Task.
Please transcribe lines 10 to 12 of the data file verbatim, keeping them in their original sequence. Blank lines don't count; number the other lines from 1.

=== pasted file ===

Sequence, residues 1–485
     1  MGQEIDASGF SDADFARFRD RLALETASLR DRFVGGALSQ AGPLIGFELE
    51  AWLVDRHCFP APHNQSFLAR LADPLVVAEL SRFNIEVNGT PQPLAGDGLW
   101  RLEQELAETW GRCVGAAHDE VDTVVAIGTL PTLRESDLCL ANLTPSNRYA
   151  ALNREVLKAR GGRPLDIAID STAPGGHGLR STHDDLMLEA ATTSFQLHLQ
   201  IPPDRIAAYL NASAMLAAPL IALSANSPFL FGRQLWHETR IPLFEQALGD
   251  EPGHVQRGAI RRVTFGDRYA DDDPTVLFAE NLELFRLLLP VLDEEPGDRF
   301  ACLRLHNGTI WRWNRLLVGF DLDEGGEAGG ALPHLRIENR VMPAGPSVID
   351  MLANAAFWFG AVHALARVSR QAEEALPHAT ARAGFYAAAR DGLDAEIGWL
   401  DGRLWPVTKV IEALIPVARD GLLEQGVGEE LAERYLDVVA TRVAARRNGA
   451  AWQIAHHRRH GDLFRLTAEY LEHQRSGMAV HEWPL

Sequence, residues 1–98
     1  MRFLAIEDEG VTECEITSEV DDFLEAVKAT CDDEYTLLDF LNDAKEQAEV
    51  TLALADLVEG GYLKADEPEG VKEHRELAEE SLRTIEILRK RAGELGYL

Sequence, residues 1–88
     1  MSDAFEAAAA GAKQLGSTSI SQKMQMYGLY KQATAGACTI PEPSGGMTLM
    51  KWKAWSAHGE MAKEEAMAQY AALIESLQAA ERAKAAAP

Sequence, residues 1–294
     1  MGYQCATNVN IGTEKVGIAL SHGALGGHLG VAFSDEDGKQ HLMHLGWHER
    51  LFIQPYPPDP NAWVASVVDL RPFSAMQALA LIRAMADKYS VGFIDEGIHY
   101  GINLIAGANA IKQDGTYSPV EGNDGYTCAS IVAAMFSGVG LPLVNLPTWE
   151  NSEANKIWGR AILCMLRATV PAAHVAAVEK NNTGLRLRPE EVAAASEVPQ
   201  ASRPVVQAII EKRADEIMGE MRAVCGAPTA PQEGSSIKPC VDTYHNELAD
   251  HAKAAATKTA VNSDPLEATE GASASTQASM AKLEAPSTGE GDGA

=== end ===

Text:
   401  DGRLWPVTKV IEALIPVARD GLLEQGVGEE LAERYLDVVA TRVAARRNGA
   451  AWQIAHHRRH GDLFRLTAEY LEHQRSGMAV HEWPL

Sequence, residues 1–98